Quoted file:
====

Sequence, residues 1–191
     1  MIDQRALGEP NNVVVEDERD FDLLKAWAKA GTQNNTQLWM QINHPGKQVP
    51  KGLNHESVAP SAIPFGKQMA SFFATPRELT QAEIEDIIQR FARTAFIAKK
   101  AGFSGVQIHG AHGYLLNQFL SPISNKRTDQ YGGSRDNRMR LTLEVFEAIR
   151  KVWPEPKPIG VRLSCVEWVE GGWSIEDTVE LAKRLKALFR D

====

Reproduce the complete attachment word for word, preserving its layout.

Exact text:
Sequence, residues 1–191
     1  MIDQRALGEP NNVVVEDERD FDLLKAWAKA GTQNNTQLWM QINHPGKQVP
    51  KGLNHESVAP SAIPFGKQMA SFFATPRELT QAEIEDIIQR FARTAFIAKK
   101  AGFSGVQIHG AHGYLLNQFL SPISNKRTDQ YGGSRDNRMR LTLEVFEAIR
   151  KVWPEPKPIG VRLSCVEWVE GGWSIEDTVE LAKRLKALFR D